Thiedeman and DP David Goodman fill the screen with insects crawling slowly over fallen tree branches, late-afternoon light filtering in through living-room windows, and dozens of other picturesque images that (truth be told) can sometimes float above the narrative more than complement it, rendering certain scenes more as exercises in hushed atmospherics than evocations of the young men’s quietly roiling emotions. Just as often, however, the film aligns image, voiceover, and narrative in moments of understated wit and hushed poignancy. (A particularly evocative moment finds Luke asking Jonah if his parents are home, followed by a cut to an extreme close-up of faded curtains wafting gently in the breeze—a cliché of off-screen sexuality given unexpected expressive texture through an emphasis upon the mise en scène’s specificity and tactility.) Most strikingly, Thiedeman understands the oft-ignored push-pull that comes when one first leaves not only one’s hometown but the person with whom one made it bearable: a would-be see-you-later that (heartbreakingly, inevitably) you know is really a fond farewell.
A film of rare electricity and intelligence, Chris Mason Johnson’s Test, a chronicle of the AIDS crisis in 1985 San Francisco, eschews both radical-chic hagiography and after-the-fact moralizing in its richly stylized take on the era’s physical and emotional dislocation. Test follows Frankie (the superb Scott Marlowe), a member of a contemporary dance company whose professional aspirations and erotic appetites intersect with ever-present reports from the front lines of the AIDS epidemic. Frankie refuses to forego sex, but every encounter becomes increasingly fraught with fear, suspicion, and an almost-existential anxiety about just how one contracts the virus, how long does it take to show signs, and who has it amongst his social circle.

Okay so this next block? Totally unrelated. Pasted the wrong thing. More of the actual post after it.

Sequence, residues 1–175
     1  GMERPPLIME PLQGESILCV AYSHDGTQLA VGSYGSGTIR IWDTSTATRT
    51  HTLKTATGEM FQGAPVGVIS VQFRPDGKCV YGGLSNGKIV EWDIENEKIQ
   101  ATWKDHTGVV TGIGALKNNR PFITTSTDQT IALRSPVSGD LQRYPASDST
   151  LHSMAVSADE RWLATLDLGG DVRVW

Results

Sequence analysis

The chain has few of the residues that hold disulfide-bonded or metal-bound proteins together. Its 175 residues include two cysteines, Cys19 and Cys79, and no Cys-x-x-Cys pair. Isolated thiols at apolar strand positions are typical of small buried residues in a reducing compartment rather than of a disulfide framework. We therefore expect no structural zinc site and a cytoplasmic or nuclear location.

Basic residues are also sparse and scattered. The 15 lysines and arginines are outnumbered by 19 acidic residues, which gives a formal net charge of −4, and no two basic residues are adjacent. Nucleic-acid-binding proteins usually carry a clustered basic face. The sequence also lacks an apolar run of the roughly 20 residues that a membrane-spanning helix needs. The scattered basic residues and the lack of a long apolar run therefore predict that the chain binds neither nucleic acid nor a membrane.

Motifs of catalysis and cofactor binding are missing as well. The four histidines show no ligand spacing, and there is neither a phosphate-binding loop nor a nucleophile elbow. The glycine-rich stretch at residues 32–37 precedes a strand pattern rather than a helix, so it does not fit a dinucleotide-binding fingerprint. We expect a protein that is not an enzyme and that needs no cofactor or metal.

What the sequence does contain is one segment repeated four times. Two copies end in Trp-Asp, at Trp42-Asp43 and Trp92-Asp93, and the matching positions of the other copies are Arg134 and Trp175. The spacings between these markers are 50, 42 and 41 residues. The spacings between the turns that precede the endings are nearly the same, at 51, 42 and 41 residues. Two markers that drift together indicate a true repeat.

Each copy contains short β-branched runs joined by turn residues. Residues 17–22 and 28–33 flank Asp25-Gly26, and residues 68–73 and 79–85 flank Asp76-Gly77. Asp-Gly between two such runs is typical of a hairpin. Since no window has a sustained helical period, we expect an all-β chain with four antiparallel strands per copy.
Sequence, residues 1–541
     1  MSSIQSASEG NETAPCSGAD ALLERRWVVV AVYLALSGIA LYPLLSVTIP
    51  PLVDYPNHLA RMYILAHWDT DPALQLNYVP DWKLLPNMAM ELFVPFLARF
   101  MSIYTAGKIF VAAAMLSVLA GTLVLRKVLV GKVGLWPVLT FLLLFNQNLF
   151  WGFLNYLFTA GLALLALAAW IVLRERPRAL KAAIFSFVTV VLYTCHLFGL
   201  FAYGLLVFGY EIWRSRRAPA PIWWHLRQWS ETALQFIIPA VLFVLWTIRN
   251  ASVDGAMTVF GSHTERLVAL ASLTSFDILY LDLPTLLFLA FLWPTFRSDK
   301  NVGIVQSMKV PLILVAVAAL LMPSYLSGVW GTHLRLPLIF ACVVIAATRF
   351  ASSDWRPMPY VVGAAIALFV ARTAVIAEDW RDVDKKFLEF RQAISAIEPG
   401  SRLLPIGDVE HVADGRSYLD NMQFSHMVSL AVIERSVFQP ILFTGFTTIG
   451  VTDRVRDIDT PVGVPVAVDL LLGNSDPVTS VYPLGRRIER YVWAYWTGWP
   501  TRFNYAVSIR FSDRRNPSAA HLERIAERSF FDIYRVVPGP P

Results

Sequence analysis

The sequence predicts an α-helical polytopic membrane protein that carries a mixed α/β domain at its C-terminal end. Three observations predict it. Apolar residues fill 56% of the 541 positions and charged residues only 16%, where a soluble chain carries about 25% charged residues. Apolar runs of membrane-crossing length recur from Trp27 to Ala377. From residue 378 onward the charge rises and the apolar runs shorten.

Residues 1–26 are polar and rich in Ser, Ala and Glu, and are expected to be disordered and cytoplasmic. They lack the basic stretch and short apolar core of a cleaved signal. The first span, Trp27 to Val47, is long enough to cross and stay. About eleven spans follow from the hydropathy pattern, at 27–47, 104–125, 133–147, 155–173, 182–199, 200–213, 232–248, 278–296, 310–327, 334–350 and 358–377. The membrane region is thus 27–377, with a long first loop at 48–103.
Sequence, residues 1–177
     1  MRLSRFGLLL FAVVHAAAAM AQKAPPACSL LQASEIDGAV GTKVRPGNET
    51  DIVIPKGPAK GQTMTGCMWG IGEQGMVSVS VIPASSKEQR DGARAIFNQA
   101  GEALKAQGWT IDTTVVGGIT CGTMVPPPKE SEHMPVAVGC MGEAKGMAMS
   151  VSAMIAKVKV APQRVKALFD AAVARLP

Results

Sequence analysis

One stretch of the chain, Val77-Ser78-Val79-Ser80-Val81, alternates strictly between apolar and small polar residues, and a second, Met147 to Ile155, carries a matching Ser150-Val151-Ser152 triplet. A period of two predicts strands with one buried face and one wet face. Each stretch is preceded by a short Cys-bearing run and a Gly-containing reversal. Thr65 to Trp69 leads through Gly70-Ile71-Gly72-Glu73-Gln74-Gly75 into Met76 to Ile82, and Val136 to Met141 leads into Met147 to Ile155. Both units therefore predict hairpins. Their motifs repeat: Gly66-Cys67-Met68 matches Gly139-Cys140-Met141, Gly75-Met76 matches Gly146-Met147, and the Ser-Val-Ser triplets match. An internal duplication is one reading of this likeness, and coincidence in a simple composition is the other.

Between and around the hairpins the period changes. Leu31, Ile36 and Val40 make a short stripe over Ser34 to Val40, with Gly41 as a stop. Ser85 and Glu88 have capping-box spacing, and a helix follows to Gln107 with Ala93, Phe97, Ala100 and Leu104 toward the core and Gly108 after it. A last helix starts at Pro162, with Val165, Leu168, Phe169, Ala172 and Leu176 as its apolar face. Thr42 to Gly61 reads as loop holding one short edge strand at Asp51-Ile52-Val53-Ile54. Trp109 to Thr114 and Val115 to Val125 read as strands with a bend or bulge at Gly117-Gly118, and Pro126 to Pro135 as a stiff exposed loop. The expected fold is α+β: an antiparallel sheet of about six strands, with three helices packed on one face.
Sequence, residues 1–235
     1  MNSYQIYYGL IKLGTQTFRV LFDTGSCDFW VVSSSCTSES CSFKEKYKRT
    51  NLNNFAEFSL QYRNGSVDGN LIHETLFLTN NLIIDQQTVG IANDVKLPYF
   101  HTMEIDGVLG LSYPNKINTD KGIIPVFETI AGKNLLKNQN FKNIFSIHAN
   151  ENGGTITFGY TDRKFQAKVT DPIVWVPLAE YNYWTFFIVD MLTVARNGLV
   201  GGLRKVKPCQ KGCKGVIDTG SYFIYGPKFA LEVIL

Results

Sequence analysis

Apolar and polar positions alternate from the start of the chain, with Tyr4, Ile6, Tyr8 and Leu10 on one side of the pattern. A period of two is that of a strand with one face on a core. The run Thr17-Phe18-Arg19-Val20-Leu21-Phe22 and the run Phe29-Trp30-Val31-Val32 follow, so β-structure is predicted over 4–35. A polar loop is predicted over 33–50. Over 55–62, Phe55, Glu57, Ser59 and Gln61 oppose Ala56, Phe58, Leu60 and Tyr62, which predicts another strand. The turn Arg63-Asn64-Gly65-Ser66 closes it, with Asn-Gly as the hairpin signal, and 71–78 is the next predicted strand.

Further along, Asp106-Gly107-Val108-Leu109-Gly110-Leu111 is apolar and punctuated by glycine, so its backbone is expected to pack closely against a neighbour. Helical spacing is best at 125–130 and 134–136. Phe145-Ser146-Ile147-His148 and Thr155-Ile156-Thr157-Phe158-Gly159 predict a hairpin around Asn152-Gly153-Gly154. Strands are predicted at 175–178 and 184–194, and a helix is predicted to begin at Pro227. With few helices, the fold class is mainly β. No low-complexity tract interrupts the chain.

The male body—beautiful, graceful, and stalked by an invisible monster—is front and center here. Johnson and DP Daniel Marks film the dance performances (brilliantly choreographed by Sidra Bell) with a thrilling combination of cinematic vivacity and restraint. They know when the camera should be the dancer’s partner, and when it should be a rapturous spectator. This dichotomy of acute observation and expressionistic abandon shapes the entirety of Test, in which existing every day with the possibility of randomly assigned death transforms the world into an unstable and occasionally exhilarating space.
Politics rarely come to the foreground in Test, but they are never far from it either. A late-film conversation between Frankie and Todd (Matthew Risch)—a cocksure fellow dancer with whom Frankie shares a tempestuous chemistry—offers one of the film’s only direct comments upon the AIDS crisis in a larger sense, as Frankie considers how such widespread sickness will affect the levels of monogamy and sexual freedom within the gay world. This exchange might have been a little too on the nose if such questions weren’t already explored with such elegance throughout the film, and it might have felt a touch dated if such discussions didn’t still happen within the LGBT community, even as the AIDS crisis changes and other cultural factors come to the fore. In short, Test manages to illuminate our shared past even as it poses thorny questions for our future. If there was ever a contemporary film that illuminates why queer cinema still matters, this is it.